John Carruthers is a Canadian top player and a well-known bridge writer. He is the currently Editor of IBPA (International Bridge Press Association) Bulletin. In issue of February 2011 John Carruthers devoted his editorial to the Zimmermann’s project: “One thing is certain – he writes- regardless of how it’s resolved, it’s going to be an interesting story”. As his article offers some interestings points of reflection, we have decided to publish here the full text.
There has been, in our view, an astonishing and significant development in the world of bridge. To see what it is, read the communiqué from the Bridge Federation of Monaco (FMB). (click here to read the communiqué)
The development is that the FMB proposes to enter the team of Pierre Zimmermann (Switzerland)-Franck Multon (France), Tor Helness-Geir Helgemo (Norway) and Claudio Nunes-Fulvio Fantoni (Italy) as their representative in future European and World Championships. No financial or logistical details were revealed. Upon first reading the communiqué, I thought this was a terrible turn of events.
Part of the mystique of World Championships is that it is country versus country and to read that Iceland won the 1991 Bermuda Bowl or China the 2009 Venice Cup is exciting. Less so to read about Team Smith beating Team Jones, no offence to Smith or Jones. Do you remember who won the any of the transnational Rosenblums, for example? We do remember, however, that Poland defeated Brazil in the first (1978) Rosenblum, before the advent of Transnationalism.When I shared the FMB communiqué, without comment, with a few people whose opinions I respect, they agreed with my initial assessment.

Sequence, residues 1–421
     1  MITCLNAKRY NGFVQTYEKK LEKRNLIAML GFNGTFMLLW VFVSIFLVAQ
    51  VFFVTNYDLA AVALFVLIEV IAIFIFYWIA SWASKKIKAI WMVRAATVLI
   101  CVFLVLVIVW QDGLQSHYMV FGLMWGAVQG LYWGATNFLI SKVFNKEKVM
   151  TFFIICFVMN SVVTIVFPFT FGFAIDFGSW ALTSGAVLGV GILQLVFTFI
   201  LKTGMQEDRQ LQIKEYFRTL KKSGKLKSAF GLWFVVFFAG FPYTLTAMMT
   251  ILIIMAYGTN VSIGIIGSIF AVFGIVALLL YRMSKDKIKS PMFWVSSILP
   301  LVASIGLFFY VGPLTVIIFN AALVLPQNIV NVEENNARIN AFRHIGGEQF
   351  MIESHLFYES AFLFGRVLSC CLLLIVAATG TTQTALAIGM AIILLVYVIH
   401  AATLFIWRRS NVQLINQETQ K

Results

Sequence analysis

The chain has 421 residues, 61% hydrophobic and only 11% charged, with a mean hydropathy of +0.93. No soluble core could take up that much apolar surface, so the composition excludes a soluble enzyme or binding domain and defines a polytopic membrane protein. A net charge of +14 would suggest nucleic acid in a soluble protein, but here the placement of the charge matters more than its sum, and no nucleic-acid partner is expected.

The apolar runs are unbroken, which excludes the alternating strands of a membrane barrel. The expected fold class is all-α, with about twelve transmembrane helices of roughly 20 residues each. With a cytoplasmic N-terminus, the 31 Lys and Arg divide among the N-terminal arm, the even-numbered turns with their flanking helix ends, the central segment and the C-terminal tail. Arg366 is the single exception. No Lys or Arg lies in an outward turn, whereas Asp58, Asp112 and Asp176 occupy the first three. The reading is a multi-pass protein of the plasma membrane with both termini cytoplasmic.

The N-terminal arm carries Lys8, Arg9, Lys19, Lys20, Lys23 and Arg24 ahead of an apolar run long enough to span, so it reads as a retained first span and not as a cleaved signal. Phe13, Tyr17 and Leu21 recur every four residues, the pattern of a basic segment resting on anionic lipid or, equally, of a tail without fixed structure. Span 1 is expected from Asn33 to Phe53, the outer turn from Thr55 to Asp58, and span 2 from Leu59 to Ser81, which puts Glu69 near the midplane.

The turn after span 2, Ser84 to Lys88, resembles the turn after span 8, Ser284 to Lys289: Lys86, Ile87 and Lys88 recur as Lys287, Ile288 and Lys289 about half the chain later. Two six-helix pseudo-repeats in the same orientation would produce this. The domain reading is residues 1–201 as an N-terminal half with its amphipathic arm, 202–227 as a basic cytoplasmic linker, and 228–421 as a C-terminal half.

One said, “It’s like buying your own island, only cheaper.” Then I had second thoughts, seeing it as nothing more than another incremental step along the continuum of increasing professionalism in World Championship bridge. The genesis occurred in the early days with Ely Culbertson and his ‘professional’ teams and bloomed with Ira Corn and the Dallas Aces in the 1970s. Now we have sponsors winning
World Championships with players from different countries on teams bearing their own names rather than Italy or the USA. Is this so different? One does wonder, however, what the European Bridge League and World Bridge Federation will do about this. There are, after all, residency and in some cases, immigrant and/or citizenship requirements to represent one’s country.
In the past, we’ve had Bob Slavenburg (Netherlands) representing Morocco, Buratti-Lanzarotti (Italy) playing for Spain, and lately Zia (Pakistan) on the USA team. They all had at least residency in their adopted country, if only temporarily.
Hovering in the background of this incident will be the spectre of the International Olympic Committee.
I daresay that their advice and opinion will be sought. If the WBF still has hopes of seeing bridge in the Olympics in the near future, how it handles this issue could, if not put it there, permanently impair its chances of that happening. From here, this issue looks like the first major challenge of Gianarrrigo Rona’s tenure as president. One thing is certain, regardless of how it’s resolved, it’s going to be an interesting story.
If you want to know more about John Carruthers you should read the article by Ross Taylor: “An interview with John Carruthers”.